I’m no stranger to all manner of international airports but nothing quite prepared me for Punta Cana’s much smaller and friendlier version. On landing, I was warmly greeted by a group of three cheerful Dominican men singing, dancing, and playing the drums. Genuinely perplexed by my new surroundings, I slowly made my way to baggage claim but not before a few more decadently dressed dancers and musicians floated my way. What may appear like an over-the-top airport festival is actually just another day at the office.
Facing both the Caribbean and the Atlantic, tourists have flocked to Punta Cana since the 1970s. While Europeans and South Americans consistently vacation here, the amount of American visitors has increased significantly in recent years. Thanks to more affordable airfare, enticing tropical weather, and upscale, all-inclusive resorts, Punta Cana has emerged as an appealing beach destination. Travelers get the best of both worlds: the impressive indoor architecture and outdoor sunshine at the resorts and the surrounding town of Higüey boasting 500 years of history.
I checked into my comfortable room at Barceló and in a flash I was laying poolside sipping a piña colada and mentally tossing my worries to the wind. The sun peeked through the tall palm trees along the beach, providing a gentle shade and a front-row seat for the approaching sunset. Kicking off my holiday in the sun with a dip in the pool, I spent the next two days doing much of the same: swimming in the ocean, tasting international cuisine, participating in select water sports, and indulging in a spa treatment (or two). It was rough.
Feeling refreshed and energized by day three, the time came to venture off the resort grounds. I signed up for a day tour with Higuey Adventure, who would introduce me to Punta Cana beyond the private beaches. (You might be asking "Why?" I soon discovered.)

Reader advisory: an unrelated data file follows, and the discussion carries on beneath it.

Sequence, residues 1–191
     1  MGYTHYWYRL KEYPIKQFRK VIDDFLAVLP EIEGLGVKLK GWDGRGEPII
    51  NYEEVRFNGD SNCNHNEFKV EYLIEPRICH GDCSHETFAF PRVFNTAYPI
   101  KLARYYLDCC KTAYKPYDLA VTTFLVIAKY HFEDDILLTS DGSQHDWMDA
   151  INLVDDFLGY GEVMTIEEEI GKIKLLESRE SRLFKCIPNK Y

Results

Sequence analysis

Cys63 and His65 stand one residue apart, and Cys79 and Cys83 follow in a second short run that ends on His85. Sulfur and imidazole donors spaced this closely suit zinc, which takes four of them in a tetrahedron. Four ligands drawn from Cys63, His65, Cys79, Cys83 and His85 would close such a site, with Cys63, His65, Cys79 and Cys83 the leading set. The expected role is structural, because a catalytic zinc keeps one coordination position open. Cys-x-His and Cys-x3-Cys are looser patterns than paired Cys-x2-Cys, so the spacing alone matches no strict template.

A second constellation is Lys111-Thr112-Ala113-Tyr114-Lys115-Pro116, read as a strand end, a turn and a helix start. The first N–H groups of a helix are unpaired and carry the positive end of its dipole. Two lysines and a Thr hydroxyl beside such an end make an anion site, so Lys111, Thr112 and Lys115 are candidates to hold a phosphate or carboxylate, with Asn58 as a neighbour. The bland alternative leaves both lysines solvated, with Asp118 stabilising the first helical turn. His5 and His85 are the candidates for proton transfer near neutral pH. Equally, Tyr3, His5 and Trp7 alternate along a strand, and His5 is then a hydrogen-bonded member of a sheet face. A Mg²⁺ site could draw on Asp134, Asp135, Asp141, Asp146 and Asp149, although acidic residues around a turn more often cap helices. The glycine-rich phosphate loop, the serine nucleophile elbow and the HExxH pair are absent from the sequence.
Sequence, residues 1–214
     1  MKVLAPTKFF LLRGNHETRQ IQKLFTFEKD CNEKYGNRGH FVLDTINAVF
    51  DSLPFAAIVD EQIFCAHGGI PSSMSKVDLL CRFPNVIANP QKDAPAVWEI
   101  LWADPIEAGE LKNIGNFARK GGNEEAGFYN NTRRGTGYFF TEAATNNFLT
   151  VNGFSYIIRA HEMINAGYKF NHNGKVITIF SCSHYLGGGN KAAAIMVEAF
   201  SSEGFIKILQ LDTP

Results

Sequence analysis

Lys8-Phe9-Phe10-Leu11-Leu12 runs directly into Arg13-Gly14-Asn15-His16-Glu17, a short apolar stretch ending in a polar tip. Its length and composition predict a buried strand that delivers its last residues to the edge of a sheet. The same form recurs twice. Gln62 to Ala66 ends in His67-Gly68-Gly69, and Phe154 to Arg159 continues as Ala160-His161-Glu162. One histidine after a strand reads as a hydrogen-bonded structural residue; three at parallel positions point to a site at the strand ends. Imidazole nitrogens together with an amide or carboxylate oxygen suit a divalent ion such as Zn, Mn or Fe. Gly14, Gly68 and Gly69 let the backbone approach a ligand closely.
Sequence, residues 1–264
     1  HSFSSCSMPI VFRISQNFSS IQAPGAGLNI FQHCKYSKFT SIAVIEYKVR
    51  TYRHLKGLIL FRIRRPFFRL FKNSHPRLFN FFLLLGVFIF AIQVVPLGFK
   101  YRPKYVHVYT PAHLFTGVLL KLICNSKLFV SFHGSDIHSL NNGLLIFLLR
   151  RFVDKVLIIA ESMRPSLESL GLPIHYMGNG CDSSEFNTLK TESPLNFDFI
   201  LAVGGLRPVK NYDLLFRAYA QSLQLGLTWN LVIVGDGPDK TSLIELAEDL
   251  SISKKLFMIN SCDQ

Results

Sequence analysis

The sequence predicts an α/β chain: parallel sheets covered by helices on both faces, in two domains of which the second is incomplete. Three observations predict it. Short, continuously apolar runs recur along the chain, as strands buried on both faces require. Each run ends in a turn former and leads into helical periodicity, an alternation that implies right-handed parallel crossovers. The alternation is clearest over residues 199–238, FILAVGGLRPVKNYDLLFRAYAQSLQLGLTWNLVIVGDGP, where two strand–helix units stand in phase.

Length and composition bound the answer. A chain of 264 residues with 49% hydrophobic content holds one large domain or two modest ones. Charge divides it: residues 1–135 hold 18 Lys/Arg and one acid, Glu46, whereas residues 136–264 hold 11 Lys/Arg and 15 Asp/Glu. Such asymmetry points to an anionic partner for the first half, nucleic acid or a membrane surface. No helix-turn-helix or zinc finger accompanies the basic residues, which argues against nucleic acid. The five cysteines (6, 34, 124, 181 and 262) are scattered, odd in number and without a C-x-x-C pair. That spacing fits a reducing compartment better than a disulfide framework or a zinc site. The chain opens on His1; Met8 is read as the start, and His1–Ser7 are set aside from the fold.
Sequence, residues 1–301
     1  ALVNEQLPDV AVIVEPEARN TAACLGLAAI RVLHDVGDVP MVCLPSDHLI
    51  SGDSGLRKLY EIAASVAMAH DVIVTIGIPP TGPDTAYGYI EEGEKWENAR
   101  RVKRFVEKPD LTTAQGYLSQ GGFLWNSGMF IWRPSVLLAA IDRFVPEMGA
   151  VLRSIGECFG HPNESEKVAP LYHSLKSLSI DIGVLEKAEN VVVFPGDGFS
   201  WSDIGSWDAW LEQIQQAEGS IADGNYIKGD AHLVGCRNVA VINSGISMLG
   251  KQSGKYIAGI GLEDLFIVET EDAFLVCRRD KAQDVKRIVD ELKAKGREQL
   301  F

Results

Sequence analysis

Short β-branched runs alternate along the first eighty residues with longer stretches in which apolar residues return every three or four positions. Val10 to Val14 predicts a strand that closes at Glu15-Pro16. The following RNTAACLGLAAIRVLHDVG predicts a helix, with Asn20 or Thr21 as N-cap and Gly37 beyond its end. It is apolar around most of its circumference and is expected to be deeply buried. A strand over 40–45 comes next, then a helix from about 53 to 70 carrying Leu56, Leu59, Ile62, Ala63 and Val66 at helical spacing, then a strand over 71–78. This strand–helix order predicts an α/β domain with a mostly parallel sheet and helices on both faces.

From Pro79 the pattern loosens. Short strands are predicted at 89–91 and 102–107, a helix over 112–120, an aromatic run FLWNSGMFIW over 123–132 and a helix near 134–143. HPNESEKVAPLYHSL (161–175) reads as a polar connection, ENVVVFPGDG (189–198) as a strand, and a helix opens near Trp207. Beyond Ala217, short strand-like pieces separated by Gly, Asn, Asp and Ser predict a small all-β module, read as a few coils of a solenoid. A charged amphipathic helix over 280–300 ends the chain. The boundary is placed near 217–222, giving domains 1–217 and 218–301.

I craved a bit of disruption and once I saw the beat-up looking truck that would be our transport for the day, I knew I would get just that. Naturally, Punta Cana’s main allure lies in its picturesque sandy shores and luxurious resorts but there is a grittier and far less glamorous side that is equally charming.
The engine revved and we were off to Higüey, the closest city to Punta Cana and the capital city of La Altagracia. To break up the forty-five minute drive, we stopped along the way at a traditional sugar cane field for a late morning snack before heading further to Rancho Nuevo (New Ranch) in Palo Amargo (Bitter Wood). Designed for the curious traveler, our guide led our group through the spacious ranch on horseback before sitting us down to teach us the tricky art of cigar-making.
Things really picked up in Higüey’s city center. A sharp contrast to the tranquil atmosphere of Rancho Nuevo, Higüey is brimming with color and vitality. Walking through the crowded food market with local vendors selling fruits, meats, and everything in between was blissful sensory-overload. Continuing on, we entered two very different churches. While the 500 year-old San Dionisio Church is a proud example of Higüey’s origins, the much larger Basílica Catedral Nuestra Señora de la Altagracia (The Basilica of Our Lady of Altagracia) showcases a strikingly modern architectural design.
Clearly saving the best for last, we made our way to a traditional coffee and cocoa planation in the quaint town of El Boneo. Consisting of a modest Dominican house, fertile land, and humble open-air seating area, we nibbled on fresh fruits and hot cocoa-based drinks. It proved the perfect ending to our tour and my time in the Dominican Republic. The mix of old and new, which is a constant theme in Punta Cana, makes for a tropical paradise dripping with cultural availability.
Megan Eileen McDonough is a freelance travel and fashion writer based in New York City. She also runs Bohemian Trails, a travel blog covering global art, culture and off the beaten path destinations for the avant-garde traveler. Her travels have taken her to South America, Europe, Mexico and Egypt. Megan previously worked for a fashion agency in London and later for an international record label in New York.
Photo credits: All photos courtesy of Megan Eileen McDonough